For more information about the Clean Valley Council: http://www.cleanvalley.org/
Â Team Estonoa
Three students from St. Paul’s High School, St. Paul, VA.Â presented the results of their award-winning wetland project at the 2nd Annual RU Wetland Symposium, on April 26, 2007.Â Candice Castle, Virginia Burton, and Haley Kiser are part of Team Estonoa, a group of students who, working together with members of their community, have restored a wetland next-door to their school.Â The project has been awarded over $137,000 in grant funds, and includes a nature center, picnic area, and a new learning center building.Â
Keynote speaker Adriana Sutton-Grier
The symposium included oral and poster presentations by Radford University students and faculty, as well as a keynote presentation by Adriana Sutton-Grier, a wetland scientist from Duke University, entitled “The importance of soil processes for effective wetland restortation”.Â Andrew Baldwin from the University of Maryland gave a talk on mangrove wetlands of Australia.
Dr. Baldwin chats with a future wetland scientist during the poster sessionÂ
In 2005, RU constructed a stormwater wetland adjacent to the New River to manage runnoff from nearby parking lots. The purpose of the wetland is to slow the flow of the runoff so that polllutants from the parking lots can be broken down by the plants and microbes living in the wetland.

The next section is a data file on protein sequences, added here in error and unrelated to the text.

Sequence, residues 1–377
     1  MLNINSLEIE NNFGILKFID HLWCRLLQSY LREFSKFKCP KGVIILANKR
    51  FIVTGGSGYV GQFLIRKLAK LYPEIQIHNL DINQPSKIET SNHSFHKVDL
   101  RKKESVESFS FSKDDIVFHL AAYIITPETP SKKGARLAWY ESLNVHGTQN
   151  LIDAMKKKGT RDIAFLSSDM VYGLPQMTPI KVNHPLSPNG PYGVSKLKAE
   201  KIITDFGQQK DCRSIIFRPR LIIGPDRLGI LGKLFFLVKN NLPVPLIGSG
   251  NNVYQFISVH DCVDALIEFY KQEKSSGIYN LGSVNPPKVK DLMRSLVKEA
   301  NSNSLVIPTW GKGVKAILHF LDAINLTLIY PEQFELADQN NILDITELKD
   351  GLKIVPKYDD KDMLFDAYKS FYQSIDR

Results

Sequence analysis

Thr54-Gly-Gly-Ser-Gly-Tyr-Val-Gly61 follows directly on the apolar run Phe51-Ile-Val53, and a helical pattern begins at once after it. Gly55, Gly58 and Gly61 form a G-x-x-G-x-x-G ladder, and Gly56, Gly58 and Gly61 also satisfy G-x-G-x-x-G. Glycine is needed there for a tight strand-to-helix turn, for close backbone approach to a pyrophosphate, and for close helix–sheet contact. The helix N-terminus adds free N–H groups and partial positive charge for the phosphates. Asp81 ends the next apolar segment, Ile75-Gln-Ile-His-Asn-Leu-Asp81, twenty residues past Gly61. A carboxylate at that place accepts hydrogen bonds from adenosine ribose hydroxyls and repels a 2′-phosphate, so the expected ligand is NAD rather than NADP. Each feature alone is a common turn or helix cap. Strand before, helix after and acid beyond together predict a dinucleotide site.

Radford University has received a grant from the National Science Foundation to incorporate the study of the wetland into courses in four different disciplines.Â Students from Biology, Chemistry, Geography, and Geology are collecting data about the physical, chemical, and biological components of the wetland.Â With the data and analysis that the students are providing, the university will be informed about how well the wetland is functioning.Â The students will also be able to follow the changes in the chemical, physical, and biological structure of this man-made wetland as it develops over time. For more information about the project see:
RU Stormwater Wetland Website
Krista Green, George Santopietro, Judy Guinan, Kate Gaston, Robert Watson
Robert Watson, World bank Chief Scientist and former chair of the United Nations’ Intergovernmental Panel on Climate Change, delivered his speech, “Science and Politics and Climate Change” to a standing-room only audience at the Hurlburt auditorium on March 6, 2007. He was introduced by RU President Penelope Kyle. Later that evening, after a screening of the movie, “An Inconvenient Truth”, Watson joined RU professors, Donald Langrehr and George Santopietro in a forum on climate change. The events were sponsored by the RU Green Team, Tri-Beta Honor Society, RU Environmental Center, and the Club Programming Committee.
The PowerPoint slides from Dr. Watson’s lecture are available for browser view or as a direct download: